Respond of your colleagues who were assigned to a different case than you. Explain how you might apply knowledge gained from your colleagues’ case studies to you own practice in clinical settings.
NOTE: Positive comment, Main Post The three questions this writer would as the patient are: Did your depressive symptoms worsen after the death of your husband? How many hours per night do you sleep on average? Do you sleep throughout those hours of sleep or do you wake constantly? Do you ingest any stimulants like coffee or chocolate before bed? Do you sleep during the daytime? The rationale behind question one is to gauge the timeline of the patient’s depression. She appears to have been suffering with untreated depression for a long time, however the additional symptoms of insomnia and tearfulness seemed to worsen after his death.
With this information, the nurse practitioner will know if her depression is in an acute state and the severity of her illness.The patient is reporting sleeplessness; however the nurse practitioner needs to gauge if the patient is participating in restful sleep. Sleep of two hours or less may only consist of REM sleep (Boland et al., 2020). If the patient is not getting restful sleep, she is not benefiting from the bodily repair that takes place during sleep (Fitzgerald et al., 2017). This can place her at an increased risk for other illnesses and heighten depressive symptoms (Uchmanowicz et al., 2019).Knowing if the patient sleeps consistently throughout those hours of sleep will provide information to the nurse about the kind and amount of sleep the patient is getting. Ingesting certain stimulants like caffeinated drinks, coffee or chocolate can affects the client’s sleep by providing wakefulness (Ulke et al., 2017).
If the patient is sleeping during the daytime, her circadian rhythm could have been reversed where she will need less sleep during the night time hours (Fitzgerald et al., 2017). The people this writer would interview are: The patient’s aide The patient’s son The patient aide may be able to provide more information about observed sleepiness during the daytime. In addition, she will be able to provide information on the patient’s dietary patterns and physical activity. The questions to the aide would be: Does she easily nod off during the daytime? Does she easily become fatigued? Does she consume a well-balanced diet? Question one would illicit answers about her getting sleep. It appears that she in fact getting sleep but because of a revered circadian rhythm she is not able to get the sleep at the night which is the desired time.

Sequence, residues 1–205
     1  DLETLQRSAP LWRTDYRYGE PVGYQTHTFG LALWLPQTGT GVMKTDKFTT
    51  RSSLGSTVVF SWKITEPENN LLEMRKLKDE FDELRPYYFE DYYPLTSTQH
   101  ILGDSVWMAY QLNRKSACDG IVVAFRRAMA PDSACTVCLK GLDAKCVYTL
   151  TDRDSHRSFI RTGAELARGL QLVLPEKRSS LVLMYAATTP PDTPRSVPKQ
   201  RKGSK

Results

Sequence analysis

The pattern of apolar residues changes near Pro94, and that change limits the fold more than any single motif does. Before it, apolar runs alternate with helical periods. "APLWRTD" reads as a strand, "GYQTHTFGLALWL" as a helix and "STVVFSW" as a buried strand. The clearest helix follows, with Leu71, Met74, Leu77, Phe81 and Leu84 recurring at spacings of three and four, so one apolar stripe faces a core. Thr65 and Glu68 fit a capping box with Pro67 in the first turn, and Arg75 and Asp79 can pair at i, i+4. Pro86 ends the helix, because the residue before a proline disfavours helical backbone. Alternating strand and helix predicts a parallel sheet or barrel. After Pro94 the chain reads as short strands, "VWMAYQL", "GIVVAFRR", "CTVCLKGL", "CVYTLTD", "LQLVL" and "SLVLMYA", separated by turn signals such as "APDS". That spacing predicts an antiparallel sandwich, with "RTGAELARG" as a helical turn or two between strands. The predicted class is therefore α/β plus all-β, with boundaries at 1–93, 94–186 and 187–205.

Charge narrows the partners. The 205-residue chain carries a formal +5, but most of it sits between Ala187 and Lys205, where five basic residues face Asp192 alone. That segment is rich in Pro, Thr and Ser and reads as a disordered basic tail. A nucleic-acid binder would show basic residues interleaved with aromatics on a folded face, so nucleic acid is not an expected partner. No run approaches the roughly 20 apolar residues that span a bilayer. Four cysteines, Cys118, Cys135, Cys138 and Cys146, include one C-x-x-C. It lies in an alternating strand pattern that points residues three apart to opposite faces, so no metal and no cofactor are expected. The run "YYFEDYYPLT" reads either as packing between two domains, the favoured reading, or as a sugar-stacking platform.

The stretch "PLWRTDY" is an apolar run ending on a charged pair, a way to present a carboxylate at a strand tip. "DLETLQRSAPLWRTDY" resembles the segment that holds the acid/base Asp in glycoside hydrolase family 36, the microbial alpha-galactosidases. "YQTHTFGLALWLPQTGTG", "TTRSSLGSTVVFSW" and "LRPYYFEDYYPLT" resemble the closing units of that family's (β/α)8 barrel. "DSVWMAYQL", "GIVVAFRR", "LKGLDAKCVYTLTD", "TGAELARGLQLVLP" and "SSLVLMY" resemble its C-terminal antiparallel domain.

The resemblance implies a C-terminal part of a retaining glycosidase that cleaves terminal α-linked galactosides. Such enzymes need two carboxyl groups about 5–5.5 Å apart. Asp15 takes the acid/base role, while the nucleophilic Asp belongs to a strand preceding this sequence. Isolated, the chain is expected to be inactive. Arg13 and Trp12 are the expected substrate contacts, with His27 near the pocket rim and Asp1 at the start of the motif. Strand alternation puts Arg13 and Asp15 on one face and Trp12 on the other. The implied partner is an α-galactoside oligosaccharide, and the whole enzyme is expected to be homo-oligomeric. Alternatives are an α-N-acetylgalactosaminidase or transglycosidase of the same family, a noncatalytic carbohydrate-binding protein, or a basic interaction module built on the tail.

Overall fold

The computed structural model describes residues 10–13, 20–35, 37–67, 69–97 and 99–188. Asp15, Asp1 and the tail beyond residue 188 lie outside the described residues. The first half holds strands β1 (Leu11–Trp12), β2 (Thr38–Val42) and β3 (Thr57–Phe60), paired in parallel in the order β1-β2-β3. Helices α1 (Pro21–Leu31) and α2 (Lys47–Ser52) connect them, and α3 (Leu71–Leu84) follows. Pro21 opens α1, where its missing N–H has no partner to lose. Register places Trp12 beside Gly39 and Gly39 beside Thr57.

Question two will help the nurse practitioner gauge the extent of the effects that non sleep has taken on the patient’s life. The patient, if constantly fatigued throughout the day has a life that has been highly impacted by the lack of sleep. The aide would be able to provide a clear, picture of the patient’s diet. The aide would be able to reveal if the patient consumes a vast amount of sugar or caffeine which could interrupt sleep. Questions to the son would surround the family’s psychiatric history. These questions will help the nurse practitioner construct the family history of the patient and rule out or consider familial history as a cause for her symptoms. Can you recall any maternal family members with psychiatric disorders including depression and insomnia? Did the symptoms start after the death of the client’s husband? This would help the nurse practitioner rule out depressive symptoms as the cause of her insomnia.
Physical Examinations and Tests Sleep Study: Polysomnogram – The sleep study or polysomnogram measures the brain waves, blood oxygen, leg movements and breathing during sleep (Meghdadi et al., 2019). The Nurse Practitioner would be able to rule out physiological reason’s ad the cause for the patient’s insomnia. Actigraphy: This is where a small device is worn on the wrist and it measures the person’s sleep wake cycle for a specified period (Meghdadi et al., 2019). This is convenient for this client and the Nurse Practitioner would be able to monitor the client’s sleep health and gauge the severity of the disruption of her sleep.The nurse practitioner could also physically examine the patient’s nares for septal occlusion. Septal occlusion or deviation could lead to problems with sleeping even during sleep, this would be important for the nurse practitioner to evaluate as this could be interfering with the patient’s sleep.